US State Department-funded and directed Voice of America recently noted that its networks in the Southeast Asian country of Cambodia are reorganising, though no in such straightforward terms.
VOA’s article, “Journalists Form A New Press Association, Plan to Protect At Risk Reporters,” claims:
The development comes amid an ongoing press crackdown by the government that has seen the shuttering of independent news organizations and radio stations in the country.
The article then obliquely mentions that the “at risk reporters” include Radio Free Asia employees; Radio Free Asia being part of the US State Department’s media presence inside Cambodia and across the rest of Asia.
Only until the very last paragraph of the article does VOA admit who the founding members of the new association, The Cambodian Journalists Alliance (CamboJa), are, admitting:
CamboJA’s fifteen founding members consist of current or former journalists from six news outlets, including Voice of Democracy, The Cambodia Daily, Radio Free Asia and Voice of America, as well as freelance journalists.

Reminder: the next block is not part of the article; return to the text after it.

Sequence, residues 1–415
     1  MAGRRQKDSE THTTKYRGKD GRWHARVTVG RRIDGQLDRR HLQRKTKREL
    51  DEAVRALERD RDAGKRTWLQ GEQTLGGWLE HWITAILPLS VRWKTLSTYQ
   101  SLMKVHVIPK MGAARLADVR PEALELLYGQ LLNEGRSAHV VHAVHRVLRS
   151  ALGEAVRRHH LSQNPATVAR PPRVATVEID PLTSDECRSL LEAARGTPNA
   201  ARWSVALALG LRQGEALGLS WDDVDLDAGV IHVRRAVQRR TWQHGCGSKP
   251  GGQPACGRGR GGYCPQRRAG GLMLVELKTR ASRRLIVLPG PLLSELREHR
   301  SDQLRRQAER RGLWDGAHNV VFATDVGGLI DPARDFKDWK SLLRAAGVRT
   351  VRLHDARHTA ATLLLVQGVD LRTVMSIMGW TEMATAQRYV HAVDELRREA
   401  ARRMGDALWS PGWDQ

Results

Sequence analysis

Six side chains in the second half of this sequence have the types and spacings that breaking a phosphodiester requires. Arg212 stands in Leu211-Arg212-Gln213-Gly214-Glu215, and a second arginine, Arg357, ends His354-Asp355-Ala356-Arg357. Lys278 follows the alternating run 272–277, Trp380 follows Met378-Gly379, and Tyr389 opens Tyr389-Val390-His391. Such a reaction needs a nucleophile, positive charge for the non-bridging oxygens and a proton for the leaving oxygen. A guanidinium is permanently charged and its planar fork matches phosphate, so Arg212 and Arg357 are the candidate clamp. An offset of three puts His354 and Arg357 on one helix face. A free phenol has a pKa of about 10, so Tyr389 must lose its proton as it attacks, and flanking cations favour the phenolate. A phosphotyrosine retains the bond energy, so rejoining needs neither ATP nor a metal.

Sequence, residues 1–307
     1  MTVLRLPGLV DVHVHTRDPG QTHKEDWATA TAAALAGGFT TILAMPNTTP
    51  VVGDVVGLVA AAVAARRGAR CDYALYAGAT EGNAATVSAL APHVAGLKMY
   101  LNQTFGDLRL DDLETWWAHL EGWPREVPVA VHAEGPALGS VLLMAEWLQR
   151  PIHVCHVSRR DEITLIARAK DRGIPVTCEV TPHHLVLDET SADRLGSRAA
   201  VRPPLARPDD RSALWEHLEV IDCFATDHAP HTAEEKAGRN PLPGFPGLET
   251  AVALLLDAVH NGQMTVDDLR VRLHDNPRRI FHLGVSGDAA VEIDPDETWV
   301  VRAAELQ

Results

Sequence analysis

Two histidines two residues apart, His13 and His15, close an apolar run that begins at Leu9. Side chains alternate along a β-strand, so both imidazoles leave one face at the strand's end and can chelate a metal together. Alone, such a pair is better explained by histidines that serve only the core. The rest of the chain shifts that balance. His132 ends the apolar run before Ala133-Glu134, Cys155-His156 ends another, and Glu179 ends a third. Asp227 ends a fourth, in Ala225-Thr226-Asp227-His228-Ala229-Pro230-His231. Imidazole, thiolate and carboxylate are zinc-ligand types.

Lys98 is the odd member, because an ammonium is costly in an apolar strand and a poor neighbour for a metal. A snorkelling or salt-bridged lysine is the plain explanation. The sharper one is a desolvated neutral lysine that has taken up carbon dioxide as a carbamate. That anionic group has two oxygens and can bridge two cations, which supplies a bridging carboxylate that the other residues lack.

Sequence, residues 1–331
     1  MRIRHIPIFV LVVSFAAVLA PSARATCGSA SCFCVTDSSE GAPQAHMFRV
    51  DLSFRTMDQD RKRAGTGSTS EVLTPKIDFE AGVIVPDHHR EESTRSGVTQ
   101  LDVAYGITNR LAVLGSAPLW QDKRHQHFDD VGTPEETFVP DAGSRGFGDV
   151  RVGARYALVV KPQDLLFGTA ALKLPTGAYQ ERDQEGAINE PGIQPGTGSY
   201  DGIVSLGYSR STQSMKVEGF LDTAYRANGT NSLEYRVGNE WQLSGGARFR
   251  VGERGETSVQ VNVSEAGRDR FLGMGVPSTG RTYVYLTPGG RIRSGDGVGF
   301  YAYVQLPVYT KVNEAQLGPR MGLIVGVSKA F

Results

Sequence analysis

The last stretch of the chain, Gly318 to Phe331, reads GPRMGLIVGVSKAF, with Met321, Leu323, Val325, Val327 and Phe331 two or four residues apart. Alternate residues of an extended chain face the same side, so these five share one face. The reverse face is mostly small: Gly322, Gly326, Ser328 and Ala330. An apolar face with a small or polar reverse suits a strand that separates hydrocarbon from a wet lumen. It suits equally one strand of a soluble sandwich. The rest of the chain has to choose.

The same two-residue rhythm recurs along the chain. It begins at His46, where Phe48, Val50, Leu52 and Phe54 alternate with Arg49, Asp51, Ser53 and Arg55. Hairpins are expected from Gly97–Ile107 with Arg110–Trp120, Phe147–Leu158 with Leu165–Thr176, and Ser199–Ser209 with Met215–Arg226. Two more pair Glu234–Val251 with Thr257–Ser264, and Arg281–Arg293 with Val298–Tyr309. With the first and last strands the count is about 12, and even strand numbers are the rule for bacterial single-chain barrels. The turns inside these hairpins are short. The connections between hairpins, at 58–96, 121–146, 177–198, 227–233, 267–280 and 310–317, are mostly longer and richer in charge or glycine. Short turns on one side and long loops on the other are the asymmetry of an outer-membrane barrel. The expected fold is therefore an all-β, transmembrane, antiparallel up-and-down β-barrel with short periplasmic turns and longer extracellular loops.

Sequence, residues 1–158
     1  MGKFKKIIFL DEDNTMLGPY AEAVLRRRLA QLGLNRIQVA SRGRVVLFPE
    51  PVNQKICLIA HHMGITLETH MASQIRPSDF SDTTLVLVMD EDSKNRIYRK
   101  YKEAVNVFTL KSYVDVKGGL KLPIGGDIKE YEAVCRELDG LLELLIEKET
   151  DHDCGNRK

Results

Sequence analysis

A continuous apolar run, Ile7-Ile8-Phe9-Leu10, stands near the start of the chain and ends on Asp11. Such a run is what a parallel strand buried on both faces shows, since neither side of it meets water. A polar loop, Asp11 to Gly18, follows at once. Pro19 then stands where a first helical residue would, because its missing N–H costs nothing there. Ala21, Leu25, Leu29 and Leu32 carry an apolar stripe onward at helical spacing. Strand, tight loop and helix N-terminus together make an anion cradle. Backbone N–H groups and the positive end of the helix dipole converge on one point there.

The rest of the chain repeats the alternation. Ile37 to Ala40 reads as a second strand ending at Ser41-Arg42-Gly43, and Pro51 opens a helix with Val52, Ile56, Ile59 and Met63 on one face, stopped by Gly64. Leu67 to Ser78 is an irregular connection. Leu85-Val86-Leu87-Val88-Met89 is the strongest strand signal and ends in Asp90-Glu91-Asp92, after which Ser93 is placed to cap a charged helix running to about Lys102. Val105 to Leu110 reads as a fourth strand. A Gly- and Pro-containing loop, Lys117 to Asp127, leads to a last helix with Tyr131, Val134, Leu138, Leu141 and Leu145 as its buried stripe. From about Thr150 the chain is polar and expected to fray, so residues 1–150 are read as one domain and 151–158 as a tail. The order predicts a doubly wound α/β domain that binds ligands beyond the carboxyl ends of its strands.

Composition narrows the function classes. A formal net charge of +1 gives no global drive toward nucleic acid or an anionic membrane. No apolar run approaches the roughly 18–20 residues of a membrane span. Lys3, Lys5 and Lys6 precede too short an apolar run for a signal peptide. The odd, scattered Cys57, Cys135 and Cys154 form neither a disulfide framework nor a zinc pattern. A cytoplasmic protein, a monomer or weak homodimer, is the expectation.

In other words, CamboJa is merely the US State Department reorganising its interference within Cambodia under the pretense of upholding media freedom.
US-Funded and Directed Media Augments US-Backed Opposition
Far from impartially and objectively reporting any actual news, the members of CamboJa serve merely as the public relations arm of Cambodia’s US-backed opposition party, the Cambodia National Rescue Party (CNRP).
CNRP’s senior leadership includes Kem Sokha who himself openly admitted he served as a proxy for US interests who ran his opposition party practically from top to bottom.
Sokha says he has visited the US at the government’s request every year since 1993 to learn about the “democratisation process” and that “they decided” he should step aside from politics to create change in Cambodia.